Thou dost not seriously and impartially consider the plain word and the wonderful works of God, of which thine ears and eyes have been witnesses, which are abundantly sufficient for the conviction of any considering man.
Is well-pleased, to wit, with you; or, as this word is most commonly used, hath a good-will to you or to this people; which may be understood out of the following verse, as is very usual in sacred Scripture. The meaning seems to be this; Although thou art a wicked people, that rebellest against the clearest light, and therefore God might justly destroy thee suddenly; yet he is very unwilling to do it, and will patiently wait for thy repentance, that he may be gracious unto thee. For his righteousness’ sake; not for thy sake, for thou deservest no such thing from him, but for the glory of his own faithfulness, in fulfilling that promise and covenant which he made with thy pious progenitors for themselves and for their seed.
He will magnify the law, and make it honourable; he will maintain the honour of his law, and therefore is not forward to destroy you, who profess God’s law, and the true religion, lest his law should upon that occasion be exposed to contempt.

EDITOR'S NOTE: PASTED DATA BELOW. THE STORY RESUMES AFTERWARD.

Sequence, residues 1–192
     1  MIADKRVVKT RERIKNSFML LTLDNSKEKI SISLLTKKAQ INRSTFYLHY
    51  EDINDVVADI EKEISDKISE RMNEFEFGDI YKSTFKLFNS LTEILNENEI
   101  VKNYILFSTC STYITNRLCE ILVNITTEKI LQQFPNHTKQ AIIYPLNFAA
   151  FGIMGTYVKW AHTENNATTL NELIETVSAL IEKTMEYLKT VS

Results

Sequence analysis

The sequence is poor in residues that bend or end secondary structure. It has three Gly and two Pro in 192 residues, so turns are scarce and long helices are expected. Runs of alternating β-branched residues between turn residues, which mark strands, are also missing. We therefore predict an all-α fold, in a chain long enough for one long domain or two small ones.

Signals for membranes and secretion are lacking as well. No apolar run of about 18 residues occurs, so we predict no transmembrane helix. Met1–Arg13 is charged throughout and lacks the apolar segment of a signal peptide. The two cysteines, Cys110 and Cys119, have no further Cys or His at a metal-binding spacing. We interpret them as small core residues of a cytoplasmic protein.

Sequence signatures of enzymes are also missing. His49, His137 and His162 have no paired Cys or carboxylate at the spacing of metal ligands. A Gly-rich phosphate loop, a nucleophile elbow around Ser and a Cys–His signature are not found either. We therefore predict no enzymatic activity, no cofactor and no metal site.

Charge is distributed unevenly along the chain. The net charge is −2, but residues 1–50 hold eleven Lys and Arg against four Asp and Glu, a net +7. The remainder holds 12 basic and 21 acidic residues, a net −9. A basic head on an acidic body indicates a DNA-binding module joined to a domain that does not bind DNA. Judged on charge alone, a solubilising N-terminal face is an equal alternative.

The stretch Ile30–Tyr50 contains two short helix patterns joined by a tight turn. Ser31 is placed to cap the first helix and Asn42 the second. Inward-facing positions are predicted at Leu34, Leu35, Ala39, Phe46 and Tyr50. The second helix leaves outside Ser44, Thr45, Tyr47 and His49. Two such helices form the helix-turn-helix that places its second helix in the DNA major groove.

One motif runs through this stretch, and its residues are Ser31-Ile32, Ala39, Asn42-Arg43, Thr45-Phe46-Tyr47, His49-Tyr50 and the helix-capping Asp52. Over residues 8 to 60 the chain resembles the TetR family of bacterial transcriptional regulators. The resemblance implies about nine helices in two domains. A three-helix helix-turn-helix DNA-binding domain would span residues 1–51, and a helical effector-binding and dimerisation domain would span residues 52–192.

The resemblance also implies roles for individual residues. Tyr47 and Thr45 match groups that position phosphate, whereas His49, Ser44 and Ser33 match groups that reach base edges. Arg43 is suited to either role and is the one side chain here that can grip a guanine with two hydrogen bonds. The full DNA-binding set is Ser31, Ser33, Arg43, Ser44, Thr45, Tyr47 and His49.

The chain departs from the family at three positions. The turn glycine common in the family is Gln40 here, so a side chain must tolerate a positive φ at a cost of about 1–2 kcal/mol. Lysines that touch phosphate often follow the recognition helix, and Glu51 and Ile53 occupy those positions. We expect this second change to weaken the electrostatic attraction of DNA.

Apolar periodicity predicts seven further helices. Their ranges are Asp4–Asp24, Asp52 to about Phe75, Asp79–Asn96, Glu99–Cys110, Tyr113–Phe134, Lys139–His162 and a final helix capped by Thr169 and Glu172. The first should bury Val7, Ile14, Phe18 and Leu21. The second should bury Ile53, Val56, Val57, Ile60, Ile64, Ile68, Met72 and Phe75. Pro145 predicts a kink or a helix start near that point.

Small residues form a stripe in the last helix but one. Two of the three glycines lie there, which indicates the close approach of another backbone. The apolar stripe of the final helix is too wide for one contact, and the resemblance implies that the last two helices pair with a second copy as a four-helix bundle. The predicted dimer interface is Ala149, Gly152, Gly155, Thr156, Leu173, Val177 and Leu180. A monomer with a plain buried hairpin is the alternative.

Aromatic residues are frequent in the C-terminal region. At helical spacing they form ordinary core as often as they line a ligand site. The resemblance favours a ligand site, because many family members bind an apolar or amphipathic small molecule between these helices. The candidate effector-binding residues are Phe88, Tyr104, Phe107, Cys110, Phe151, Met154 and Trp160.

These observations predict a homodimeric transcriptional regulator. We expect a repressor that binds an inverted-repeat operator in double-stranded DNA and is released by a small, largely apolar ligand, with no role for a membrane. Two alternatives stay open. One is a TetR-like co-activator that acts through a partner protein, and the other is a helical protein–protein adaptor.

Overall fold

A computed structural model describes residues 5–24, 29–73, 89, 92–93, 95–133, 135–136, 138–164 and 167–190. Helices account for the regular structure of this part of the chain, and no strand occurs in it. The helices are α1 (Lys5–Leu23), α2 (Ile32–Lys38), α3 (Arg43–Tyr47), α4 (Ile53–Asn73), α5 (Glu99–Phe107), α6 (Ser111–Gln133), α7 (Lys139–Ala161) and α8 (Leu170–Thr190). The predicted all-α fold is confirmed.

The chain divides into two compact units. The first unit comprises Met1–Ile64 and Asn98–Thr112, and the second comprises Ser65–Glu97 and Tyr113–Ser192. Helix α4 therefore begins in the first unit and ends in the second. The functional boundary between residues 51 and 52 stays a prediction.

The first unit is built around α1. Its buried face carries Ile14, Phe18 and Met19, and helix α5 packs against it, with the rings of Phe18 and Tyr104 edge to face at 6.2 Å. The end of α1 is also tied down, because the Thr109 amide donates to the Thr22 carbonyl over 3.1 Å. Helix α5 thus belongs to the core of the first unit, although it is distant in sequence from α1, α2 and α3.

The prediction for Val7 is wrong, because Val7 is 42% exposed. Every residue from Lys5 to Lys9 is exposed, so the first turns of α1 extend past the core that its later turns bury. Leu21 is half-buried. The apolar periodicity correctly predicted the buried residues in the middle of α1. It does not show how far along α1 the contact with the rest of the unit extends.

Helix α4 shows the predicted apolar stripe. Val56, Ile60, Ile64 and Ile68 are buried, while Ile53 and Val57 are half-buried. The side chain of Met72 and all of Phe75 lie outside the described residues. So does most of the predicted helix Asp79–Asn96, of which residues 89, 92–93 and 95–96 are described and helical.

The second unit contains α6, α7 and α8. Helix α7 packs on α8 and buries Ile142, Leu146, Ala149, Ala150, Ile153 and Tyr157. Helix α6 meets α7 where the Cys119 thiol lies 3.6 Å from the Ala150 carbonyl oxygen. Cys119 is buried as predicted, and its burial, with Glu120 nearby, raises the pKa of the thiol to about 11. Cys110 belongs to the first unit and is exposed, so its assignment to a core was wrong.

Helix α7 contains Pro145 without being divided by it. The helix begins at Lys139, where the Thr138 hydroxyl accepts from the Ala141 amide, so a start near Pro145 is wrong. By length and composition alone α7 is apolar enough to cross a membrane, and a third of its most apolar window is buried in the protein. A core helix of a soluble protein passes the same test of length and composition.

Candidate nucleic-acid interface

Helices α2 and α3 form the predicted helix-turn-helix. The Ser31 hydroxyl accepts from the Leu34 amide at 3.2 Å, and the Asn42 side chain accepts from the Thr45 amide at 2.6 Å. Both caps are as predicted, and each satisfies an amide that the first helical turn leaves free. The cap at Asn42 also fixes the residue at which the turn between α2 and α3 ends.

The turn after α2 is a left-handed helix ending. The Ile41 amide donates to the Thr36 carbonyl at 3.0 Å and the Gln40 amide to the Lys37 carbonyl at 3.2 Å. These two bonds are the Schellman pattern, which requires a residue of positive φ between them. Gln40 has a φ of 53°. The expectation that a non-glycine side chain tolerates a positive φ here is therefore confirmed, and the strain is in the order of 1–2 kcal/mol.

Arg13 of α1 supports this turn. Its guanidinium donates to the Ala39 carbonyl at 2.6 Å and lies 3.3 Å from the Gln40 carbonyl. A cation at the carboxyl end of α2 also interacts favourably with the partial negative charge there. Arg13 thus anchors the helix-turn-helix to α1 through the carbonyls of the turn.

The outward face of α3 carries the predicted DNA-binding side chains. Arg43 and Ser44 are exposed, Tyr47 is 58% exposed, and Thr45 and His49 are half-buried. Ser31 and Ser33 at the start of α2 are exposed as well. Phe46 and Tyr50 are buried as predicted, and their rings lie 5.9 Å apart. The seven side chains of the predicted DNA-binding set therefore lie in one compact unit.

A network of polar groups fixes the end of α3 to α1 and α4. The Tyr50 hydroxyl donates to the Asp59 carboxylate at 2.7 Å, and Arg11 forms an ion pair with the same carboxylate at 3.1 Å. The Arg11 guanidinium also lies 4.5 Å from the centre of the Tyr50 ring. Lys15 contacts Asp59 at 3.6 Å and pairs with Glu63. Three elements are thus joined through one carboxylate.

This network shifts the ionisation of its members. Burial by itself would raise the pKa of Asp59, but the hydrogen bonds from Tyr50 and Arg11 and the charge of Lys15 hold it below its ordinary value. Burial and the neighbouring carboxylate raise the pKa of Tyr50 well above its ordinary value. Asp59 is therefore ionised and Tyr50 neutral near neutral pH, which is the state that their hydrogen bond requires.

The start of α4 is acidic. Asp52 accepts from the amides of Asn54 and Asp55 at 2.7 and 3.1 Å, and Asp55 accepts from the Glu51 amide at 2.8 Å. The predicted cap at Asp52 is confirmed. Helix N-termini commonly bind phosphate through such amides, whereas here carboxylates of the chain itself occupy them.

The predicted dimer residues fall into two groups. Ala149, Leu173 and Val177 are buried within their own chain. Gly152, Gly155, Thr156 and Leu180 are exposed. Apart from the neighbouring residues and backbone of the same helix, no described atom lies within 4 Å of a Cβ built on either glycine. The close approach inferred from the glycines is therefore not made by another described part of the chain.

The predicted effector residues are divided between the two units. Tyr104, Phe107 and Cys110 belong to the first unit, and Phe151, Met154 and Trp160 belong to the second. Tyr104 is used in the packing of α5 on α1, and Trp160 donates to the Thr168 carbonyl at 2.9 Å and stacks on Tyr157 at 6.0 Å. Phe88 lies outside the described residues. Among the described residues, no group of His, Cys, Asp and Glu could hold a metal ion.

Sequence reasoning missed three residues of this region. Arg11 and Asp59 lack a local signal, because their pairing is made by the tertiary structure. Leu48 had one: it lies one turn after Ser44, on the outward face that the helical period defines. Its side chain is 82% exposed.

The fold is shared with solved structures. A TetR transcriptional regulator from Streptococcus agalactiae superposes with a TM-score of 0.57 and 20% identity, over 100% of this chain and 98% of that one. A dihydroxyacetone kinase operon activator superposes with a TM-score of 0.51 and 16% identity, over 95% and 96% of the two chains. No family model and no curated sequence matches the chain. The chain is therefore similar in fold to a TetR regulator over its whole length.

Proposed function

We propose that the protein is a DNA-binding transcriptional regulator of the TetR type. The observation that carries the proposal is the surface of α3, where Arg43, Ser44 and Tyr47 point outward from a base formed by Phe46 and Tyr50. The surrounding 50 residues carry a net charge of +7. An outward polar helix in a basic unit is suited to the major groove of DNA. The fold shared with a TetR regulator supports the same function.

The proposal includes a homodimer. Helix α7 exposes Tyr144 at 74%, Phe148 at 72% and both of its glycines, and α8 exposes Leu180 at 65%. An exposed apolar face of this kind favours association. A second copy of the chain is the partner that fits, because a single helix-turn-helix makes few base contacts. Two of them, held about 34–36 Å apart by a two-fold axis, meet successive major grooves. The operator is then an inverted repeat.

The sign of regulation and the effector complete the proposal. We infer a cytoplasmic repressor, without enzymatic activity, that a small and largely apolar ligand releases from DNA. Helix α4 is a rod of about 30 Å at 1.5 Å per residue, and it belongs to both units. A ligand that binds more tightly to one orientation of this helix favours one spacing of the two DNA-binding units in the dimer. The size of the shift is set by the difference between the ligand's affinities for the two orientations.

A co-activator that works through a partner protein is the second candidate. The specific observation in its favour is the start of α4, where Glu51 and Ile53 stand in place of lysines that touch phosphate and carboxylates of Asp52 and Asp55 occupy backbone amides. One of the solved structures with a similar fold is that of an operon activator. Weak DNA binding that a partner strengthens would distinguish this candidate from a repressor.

But this is a people robbed and spoiled: but notwithstanding this great respect which God hath to his law, and to his people for the sake of his law, it is apparent that God hath severely scourged you for your sins; and therefore take heed that you do not provoke him by your obstinate infidelity, lest he cast you off for ever.
They are all of them snared in holes, and they are hid in prison-houses; they are, or have been, taken in snares made by their own hands, and by God’s just judgment delivered into the hands of their enemies, and by them cast into pits, or dungeons, and prisons.
None delivereth; none saith, Restore; none afford them either pity or help in their extremities.
Oh that you would learn from your former and dear bought experiences to be wiser for the future, and not to provoke God to your own total and final ruin!
Do not flatter yourselves with a conceit of impunity, because you are a people whom God hath favoured and endowed with many and great privileges, which the Jews were very prone to do, as we see, Jeremiah 7:4, &c., and elsewhere; for as God hath punished you formerly, doubt not but if you continue to sin, he will proceed in punishing you more and more for your sins.
The fury of his anger, and the strength of battle; most grievous judgments.
Yet he knew not; they were secure and stupid under God’s judgments, neither fearing them when threatened, nor truly sensible of God’s hand in them, and of the causes of God’s displeasure against them, and of the means of cure.
These files are public domain.
Text Courtesy of BibleSupport.com. Used by Permission.
Poole, Matthew, "Commentary on Isaiah 42". Poole's English Annotations on the Holy Bible. https://www.studylight.org/
the Seventh Sunday after Easter